I took this week’s puzzle from Scottish chess historian Douglas Griffin’s Twitter feed. If Twitter is still alive by the time you read this it’s well worth following.
In the first round of the 1978 Olympiad Wales had to face the mighty Soviet Union. On top board, John Cooper was pitted against former World Champion Tigran Petrosian, perhaps the most difficult player of his generation to beat.
Petrosian was also famous for his exchange sacrifices, and in this position he’d just played 36… Rxf4, capturing a Welsh bishop.
Cooper made the obvious recapture, went wrong a few moves later and soon lost. But he’d missed the chance for a major upset.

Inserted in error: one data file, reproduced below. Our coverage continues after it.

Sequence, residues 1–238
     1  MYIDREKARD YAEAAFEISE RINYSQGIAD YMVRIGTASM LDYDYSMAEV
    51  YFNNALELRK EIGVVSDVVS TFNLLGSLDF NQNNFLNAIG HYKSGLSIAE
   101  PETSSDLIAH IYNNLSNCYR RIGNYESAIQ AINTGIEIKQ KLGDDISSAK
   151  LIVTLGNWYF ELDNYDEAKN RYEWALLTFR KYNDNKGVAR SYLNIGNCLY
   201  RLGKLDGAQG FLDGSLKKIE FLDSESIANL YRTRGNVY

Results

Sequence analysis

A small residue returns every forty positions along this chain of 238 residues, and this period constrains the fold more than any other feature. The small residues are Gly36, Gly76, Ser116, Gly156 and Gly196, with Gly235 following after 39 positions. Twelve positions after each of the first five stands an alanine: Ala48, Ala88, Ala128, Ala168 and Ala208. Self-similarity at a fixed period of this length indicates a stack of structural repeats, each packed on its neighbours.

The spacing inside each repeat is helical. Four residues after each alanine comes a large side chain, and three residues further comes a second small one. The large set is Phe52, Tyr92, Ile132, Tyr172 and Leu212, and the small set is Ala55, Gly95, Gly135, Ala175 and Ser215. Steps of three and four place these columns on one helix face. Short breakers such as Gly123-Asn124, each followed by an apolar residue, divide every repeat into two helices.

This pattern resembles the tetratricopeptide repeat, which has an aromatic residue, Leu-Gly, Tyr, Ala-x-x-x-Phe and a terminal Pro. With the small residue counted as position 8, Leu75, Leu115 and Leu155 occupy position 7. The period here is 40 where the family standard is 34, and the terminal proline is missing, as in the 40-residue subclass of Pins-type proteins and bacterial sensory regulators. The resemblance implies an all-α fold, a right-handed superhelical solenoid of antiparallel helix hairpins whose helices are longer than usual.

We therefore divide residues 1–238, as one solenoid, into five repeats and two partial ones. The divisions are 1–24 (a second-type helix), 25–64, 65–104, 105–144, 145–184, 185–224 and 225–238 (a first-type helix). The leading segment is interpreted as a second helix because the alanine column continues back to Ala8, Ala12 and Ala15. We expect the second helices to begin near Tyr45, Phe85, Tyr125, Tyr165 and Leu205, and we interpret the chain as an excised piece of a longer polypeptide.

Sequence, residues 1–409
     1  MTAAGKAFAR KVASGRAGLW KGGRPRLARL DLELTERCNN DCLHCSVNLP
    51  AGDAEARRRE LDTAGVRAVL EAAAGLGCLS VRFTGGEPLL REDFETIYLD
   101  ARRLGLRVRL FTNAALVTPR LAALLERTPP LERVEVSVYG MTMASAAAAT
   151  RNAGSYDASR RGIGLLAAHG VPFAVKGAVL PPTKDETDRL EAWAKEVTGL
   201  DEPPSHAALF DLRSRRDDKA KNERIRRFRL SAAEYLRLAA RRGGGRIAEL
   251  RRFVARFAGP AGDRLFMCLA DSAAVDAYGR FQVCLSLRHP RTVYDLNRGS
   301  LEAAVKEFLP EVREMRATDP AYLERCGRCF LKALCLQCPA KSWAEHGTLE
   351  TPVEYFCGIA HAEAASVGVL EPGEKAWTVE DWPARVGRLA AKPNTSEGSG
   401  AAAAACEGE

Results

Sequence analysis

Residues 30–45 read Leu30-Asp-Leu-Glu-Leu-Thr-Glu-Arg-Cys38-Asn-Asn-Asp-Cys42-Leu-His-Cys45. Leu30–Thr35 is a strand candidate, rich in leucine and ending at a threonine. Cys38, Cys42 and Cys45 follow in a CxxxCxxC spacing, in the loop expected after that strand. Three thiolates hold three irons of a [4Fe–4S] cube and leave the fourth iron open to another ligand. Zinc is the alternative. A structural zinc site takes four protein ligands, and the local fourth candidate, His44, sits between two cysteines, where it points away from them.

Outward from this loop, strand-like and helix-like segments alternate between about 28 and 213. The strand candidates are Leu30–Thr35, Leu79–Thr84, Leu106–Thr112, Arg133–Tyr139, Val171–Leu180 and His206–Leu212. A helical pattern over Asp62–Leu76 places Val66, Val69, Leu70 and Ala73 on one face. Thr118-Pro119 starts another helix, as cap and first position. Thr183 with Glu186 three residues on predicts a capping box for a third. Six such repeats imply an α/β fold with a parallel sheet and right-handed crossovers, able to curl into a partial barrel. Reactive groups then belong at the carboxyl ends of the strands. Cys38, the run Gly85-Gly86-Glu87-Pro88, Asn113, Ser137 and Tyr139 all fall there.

If he’d looked beyond the obvious (I’d imagine he was in time trouble) he’d have seen the forced mate: 37. Rb7+! Kd8 38. Ra1 Kc8 39. Rab1 f2+ 40. Kf1 Kd8 41. Ra7! Kc8 42. Ra8+ Kc7 43. Rab8 Rxh6 44. R1b7#.
Congratulations to everyone who spotted this. I note that Anurag and Paul, amongst others, on our WhatsApp group, had seen the right idea: well done!
I think Petrosian’s 36… Rxf4 deserves ?! rather than ? as he was in trouble anyway, so it was certainly worth a punt. His real mistake was 34… Rxe4? (Rb8!). Interesting game, anyway and well worth your time looking at it.
Here’s the complete game. Click on any move for a pop-up window.